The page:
Kamau Marcharia

"I organize because I believe in revolution. Why can't I say ‘Give me liberty or give me death?' Why can't I go to war to guarantee freedom for me, my people and my children? I organize because I don't want to be a slave." —Kamau Marcharia, 1991

Kamau Marcharia drives through the small, backwater towns of his home state of South Carolina in a Nissan with a license plate that bears one word: JUSTICE. A determined grass roots leader, his commitment to bringing justice to the most forsaken, and social consciousness to the most isolated, has propelled him to build a strong coalition among Southern communities struggling against racism, ignorance, and despair.

Born Robert Lewis, Kamau’s grandfather gave him a Swahili name that means “black warrior” when he was 14. His childhood in Saluda County, South Carolina, and then in Albion, New Jersey, was a constant struggle to survive poverty and racism. In Albion, Kamau lived with his eight brothers and parents in a house without a bathroom or electricity. In the summers, he went south to work cutting wood and doing odd jobs with his brothers for as little as $2 a day.

Kamau was kicked out of school in sixth grade. He lived on the streets and began running with a gang. At 16, he was convicted of an assault and sent to prison despite a witness’s testimony that Kamau was not present at the scene of the crime. In prison he completed his high school education as well as two years of college and, after being denied parole, he began campaigning against the New Jersey Parole Board’s arbitrary parole eligibility decisions. It was 11 years before Kamau was released. But he did not turn his back on those he had left behind. He founded the Ad Hoc Parole Committee to continue fighting for reform of the parole system, and started a prison prevention program that paired ex-offenders with juvenile delinquents.

Kamau moved to Saluda County and found work at a plywood mill. But soon after taking the job, he realized that the environment was saturated with institutionalized racism. White supervisors were raping black female employees; inappropriate management promotions were being made; racist language went unchallenged. He began organizing a union and was soon laid off. “After that I went on a bender,” Kamau says. In 1980, he went to a community meeting that would change his life. “Everyone was sitting around talking about their problems, and I said they should start organizing the young people. They said ‘you’re hired.’ There was no money to pay me, but I got to work,” Kamau says.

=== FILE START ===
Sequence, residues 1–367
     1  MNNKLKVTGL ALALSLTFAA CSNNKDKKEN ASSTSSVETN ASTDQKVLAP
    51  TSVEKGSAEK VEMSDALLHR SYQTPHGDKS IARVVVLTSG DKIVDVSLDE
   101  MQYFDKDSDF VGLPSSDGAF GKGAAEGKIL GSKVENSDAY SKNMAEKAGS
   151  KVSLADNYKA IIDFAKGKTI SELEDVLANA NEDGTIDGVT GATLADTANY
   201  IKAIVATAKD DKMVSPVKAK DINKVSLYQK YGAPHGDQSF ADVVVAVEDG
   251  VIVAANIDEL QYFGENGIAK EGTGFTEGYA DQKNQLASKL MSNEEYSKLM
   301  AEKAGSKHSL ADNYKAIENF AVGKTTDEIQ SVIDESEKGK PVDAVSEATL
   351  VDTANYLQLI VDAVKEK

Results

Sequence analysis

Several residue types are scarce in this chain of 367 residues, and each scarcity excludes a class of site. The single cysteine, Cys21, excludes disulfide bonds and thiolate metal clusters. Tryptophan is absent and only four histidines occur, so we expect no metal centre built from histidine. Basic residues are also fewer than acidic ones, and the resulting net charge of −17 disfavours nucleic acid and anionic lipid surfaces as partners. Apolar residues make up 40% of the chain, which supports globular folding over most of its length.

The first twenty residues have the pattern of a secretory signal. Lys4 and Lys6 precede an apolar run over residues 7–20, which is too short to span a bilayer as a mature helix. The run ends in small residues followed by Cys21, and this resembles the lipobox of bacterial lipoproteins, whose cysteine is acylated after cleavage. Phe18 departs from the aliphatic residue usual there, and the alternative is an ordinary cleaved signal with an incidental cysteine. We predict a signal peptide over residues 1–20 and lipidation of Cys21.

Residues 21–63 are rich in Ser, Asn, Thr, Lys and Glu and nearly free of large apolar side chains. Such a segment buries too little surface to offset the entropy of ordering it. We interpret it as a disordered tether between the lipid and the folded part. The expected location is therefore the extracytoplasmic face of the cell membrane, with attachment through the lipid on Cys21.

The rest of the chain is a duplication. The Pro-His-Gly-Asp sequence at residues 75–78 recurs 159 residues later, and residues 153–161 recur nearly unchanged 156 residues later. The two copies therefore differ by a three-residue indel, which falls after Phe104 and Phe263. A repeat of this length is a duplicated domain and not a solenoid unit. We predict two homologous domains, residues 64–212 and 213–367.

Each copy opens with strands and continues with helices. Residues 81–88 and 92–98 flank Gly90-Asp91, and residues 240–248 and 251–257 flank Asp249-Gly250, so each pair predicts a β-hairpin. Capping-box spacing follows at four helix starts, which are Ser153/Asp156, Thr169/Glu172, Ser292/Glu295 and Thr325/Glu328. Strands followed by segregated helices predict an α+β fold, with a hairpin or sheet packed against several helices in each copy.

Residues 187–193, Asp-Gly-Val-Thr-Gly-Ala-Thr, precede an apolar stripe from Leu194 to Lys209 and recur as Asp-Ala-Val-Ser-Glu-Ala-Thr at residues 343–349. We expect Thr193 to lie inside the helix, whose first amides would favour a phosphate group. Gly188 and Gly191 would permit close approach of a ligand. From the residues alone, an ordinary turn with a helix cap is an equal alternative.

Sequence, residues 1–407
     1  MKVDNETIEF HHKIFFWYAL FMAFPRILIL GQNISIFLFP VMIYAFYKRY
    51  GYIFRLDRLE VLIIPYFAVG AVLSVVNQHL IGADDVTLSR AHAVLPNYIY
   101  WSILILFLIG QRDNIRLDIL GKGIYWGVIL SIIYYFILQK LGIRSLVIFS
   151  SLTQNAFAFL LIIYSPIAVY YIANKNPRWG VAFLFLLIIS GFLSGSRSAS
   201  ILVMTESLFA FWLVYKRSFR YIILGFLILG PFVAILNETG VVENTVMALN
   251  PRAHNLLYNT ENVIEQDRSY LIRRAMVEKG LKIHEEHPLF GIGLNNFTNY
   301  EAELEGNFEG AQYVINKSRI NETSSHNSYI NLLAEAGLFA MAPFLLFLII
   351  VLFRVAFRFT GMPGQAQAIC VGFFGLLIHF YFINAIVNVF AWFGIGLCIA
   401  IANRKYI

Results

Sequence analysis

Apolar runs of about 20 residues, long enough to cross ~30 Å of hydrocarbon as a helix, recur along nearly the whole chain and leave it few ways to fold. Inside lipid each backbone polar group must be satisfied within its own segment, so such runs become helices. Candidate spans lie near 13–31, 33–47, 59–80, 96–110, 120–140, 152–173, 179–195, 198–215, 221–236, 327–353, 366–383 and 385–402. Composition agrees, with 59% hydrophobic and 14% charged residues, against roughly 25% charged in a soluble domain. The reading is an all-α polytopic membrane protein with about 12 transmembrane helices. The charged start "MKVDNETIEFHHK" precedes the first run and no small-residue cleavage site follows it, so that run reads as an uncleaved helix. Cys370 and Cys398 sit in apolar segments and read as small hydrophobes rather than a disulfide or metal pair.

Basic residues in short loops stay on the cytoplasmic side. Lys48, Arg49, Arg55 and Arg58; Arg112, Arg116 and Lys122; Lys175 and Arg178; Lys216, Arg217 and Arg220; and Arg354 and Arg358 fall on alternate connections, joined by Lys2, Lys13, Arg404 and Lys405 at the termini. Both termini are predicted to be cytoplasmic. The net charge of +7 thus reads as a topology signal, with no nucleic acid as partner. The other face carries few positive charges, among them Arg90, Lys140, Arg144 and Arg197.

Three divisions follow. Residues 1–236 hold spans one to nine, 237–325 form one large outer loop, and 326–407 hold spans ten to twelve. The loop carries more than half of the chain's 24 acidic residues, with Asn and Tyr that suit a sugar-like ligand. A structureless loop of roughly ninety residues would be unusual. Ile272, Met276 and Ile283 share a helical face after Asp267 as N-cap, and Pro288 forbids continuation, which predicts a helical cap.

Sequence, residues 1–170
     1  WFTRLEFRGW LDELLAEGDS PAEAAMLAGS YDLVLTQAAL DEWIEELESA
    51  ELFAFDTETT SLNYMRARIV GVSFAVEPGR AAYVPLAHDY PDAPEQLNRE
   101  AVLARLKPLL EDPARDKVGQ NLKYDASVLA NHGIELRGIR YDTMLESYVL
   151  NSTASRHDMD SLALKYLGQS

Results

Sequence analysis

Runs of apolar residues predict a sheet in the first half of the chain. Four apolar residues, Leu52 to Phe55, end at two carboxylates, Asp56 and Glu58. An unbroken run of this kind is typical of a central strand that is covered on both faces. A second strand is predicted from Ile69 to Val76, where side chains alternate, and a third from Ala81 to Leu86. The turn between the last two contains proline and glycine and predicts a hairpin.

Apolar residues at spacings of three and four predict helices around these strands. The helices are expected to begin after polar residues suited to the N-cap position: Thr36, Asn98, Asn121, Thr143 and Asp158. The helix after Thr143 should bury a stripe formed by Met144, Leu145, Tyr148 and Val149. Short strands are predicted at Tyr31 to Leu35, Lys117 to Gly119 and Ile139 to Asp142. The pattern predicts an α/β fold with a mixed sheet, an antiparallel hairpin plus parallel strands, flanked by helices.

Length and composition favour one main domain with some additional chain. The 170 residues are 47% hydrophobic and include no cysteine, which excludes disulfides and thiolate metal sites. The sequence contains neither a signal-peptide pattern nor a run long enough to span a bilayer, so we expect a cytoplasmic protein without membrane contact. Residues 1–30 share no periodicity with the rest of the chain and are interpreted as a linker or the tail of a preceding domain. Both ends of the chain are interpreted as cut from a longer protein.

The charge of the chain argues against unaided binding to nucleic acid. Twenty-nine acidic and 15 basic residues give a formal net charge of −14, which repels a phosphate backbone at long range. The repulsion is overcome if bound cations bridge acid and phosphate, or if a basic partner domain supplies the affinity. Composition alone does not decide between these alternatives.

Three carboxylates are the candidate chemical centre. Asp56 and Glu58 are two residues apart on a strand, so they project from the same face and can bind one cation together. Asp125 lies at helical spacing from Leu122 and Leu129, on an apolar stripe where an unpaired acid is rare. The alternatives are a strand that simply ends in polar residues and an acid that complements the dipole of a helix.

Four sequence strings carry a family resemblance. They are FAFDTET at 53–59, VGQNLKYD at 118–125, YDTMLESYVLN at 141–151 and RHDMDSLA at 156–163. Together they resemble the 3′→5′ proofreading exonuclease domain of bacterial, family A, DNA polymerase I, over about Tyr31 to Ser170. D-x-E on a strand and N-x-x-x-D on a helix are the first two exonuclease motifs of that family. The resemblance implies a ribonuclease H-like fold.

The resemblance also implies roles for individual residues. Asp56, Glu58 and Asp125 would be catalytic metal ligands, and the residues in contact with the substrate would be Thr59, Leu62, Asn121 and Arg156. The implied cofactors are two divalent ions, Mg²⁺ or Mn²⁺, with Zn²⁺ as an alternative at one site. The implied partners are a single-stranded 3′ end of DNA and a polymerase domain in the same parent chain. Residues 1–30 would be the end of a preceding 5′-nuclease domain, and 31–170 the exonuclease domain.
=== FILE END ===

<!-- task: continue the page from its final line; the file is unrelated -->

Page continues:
Kamau secured an office in back of a barber shop and organized a group of young people whom he taught the importance of pride, respect, and togetherness. The success of this project spurred him on to organize a community action group—The Concerned Citizens of Saluda. Concerned Citizens took on a range of racial and economic injustices in the county, starting with a successful lawsuit against the county government for its use of a government recreation fund to support a private, whites-only swimming pool.

After this victory, Kamau took a job organizing with Fairfield United Action in neighboring Fairfield County. “I think once you get people to think for themselves it’s time to move on,” Kamau says. While at FUA, Kamau spearheaded an investigation into the county’s rigging of majority-white juries, which had resulted in unfair convictions against hundreds of blacks. He took on the case of a retarded black man who was shot to death by a Fairfield police officer, and helped the family sue the police department for $5 million. The suit was settled, to Kamau’s disappointment, at a mere $10,000. He also helped organize a community of 2,000 black people living outside Winnsboro city limits to fight for running water and indoor bathrooms.

In 1990, Kamau took a position with Grassroots Leadership and formed an Orangeburg County group called Tri County United Action (TCUA, now called South Carolina United Action). TCUA challenged a local baseball team who refused to play against a United Auto Workers’ team from Maryland with black members. He also investigated the corruption and racism of the local police department. He found that in one town in Orangeburg County, 62 percent of the police department’s budget came from arresting and fining blacks.

In 1995, Kamau took a six-month sabbatical from his organizing to travel to India, in part to look at community organizing there. “I believe evil is a force all over and you have to deal with it,” he says, but adds, “I have a strong belief in humanity—I think once people know what the real deal is they’ll get busy and do something about it.” He is fueled by a very personal struggle to succeed. “I dropped out of school when I was in sixth grade and didn’t learn to read and write until I was 21. I get hope from my revenge—my revenge is to get people involved in their own futures—to help young people who are really trying without vision and without hope.” In early 1997, Kamau was asked by the AFL-CIO Union Summer program to help young people learn about the labor movement by participating in local union campaigns.

The battle is far from over. Kamau Marcharia is wary of recent trends. “I ask people: what are the signs of a holocaust? What does it mean to have a 400 percent increase in the rates of locking black women up? What does it mean to pass laws that make it OK to execute a thirteen year old?” Kamau has now returned to Grassroots Leadership to continue work on issues of race and justice, providing an ever-growing circle of communities the tools for change.

Kamau Marcharia Photo by Dorothea von Haeften